• Some customers will literally turn a computer off for a specific period of time to save costs, because they don't get any traffic at all during downtime.
  • Some customers will need a load balanced cluster, with a failover instance in a separate datacentre, plus a third network in another datacentre to act as a witness, and a guarantee from their providers for 100% 24/7/365 uptime with no exceptions.

You have to calculate:

  • How many hours out of the day do I need to be online?
  • How much $$$ do we lose if we are offline for X hours/minutes?
  • Is it worth spending another $5000 per month for DR if I am only losing $250 per hour, and I only anticipate 5 hours of downtime per month? (99.9926% availability)
  • Et cetera

There is no best practice for this.

Where are statistics indicating the frequency with which a geographically separate collection of IP addresses are simultaneously unreachable?

This too, depends. For instance, are we talking about statistics for customers that don't have a UPS, or their own Generator? or even two independent power lines coming from separate substations?

That comes into the equation too. Our company had a blackout because of a total power outage that was so lengthy that our UPS ran out of juice.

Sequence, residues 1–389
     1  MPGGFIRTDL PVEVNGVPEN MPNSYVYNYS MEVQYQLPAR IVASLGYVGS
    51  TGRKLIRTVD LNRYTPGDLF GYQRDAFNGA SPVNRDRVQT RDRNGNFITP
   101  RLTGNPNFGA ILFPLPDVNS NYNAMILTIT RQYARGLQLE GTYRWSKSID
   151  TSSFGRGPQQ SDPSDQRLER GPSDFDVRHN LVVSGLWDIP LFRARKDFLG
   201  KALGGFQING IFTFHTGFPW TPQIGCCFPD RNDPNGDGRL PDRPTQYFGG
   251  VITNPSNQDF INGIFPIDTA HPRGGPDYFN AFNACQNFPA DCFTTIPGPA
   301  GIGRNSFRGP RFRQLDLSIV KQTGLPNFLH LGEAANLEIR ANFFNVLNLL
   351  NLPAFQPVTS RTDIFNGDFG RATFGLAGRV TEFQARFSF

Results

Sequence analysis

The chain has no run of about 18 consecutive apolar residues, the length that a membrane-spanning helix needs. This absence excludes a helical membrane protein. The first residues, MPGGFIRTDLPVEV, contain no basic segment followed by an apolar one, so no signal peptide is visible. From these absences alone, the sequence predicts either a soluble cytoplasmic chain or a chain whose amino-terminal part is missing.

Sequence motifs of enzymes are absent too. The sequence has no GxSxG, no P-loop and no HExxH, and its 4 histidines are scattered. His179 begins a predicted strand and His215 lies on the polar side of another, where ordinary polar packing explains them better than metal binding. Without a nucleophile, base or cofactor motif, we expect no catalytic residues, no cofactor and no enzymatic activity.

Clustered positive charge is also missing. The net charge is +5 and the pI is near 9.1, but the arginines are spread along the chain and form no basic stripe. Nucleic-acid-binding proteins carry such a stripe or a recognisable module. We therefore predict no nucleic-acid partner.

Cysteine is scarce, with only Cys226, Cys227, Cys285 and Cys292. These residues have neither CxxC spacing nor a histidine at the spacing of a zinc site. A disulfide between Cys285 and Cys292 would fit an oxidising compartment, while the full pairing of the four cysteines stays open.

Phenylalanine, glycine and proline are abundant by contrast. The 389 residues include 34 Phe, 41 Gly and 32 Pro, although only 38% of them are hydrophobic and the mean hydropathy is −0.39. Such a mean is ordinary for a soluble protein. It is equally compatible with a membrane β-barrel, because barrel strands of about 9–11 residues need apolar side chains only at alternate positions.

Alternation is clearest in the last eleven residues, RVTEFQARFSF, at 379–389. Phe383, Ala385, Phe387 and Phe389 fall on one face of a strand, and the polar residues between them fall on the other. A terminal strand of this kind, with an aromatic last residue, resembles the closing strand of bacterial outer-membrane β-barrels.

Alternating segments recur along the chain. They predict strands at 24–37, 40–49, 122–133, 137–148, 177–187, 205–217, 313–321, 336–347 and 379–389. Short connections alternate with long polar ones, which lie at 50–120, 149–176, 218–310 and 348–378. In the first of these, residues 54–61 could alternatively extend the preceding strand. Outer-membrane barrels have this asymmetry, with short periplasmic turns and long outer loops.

We proceeded to purchase a generator for our entire datacentre which lasts X hours, with the ability to recharge via fuel drop-off during emergencies, so that even if the local subsystem is completely knocked out, we can keep going almost indefinitely.

maybe the data would show 99.99% of fault-tolerant customers don't really need much redundancy at all.

I have customers that run critical ($$$) systems on a single server, in a single location, and their server is rock-solid because it just performs one function. The less complication, the better.

It's the old ironic situation where you add a DR solution, and then you experience more outages than ever before.


As has already been said, there is no generic best practise here at the technical level, aside from the obvious list of things not to do.

A lot will be informed by any SLAs that you explicitly have with your clients or that is likely to be assumed in their industry - essential you need to make sure you can support that under all but the most exceptional circumstances, and afford any recompense you need to make should a most exceptional circumstance happen. For instance with some of our clients we have a four hour recovery window with 24 hour days loss being "acceptable" (which is very easy to ensure), for another project that is far more real-time those timings are ten and thirty minutes, and I can imagine mission critical and/or safety services having far stricter expectations than that.

The only generic advise I can think of is make sure you have the basics of everything covered to a certain level before spending time and money on one specific point. Having the most redundant failsafe database layer on the planet doesn't help you when the one public link to your web farm dies. So try not to overly protect one party of the system at the expense of others.